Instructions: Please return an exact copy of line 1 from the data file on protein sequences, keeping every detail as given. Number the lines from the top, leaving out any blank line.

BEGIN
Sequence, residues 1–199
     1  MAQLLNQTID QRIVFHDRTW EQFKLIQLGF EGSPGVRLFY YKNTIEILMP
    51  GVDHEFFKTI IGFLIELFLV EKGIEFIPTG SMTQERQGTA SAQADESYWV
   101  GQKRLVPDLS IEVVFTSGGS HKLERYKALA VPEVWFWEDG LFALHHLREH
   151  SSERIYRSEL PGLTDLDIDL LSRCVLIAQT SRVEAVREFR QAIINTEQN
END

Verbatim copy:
Sequence, residues 1–199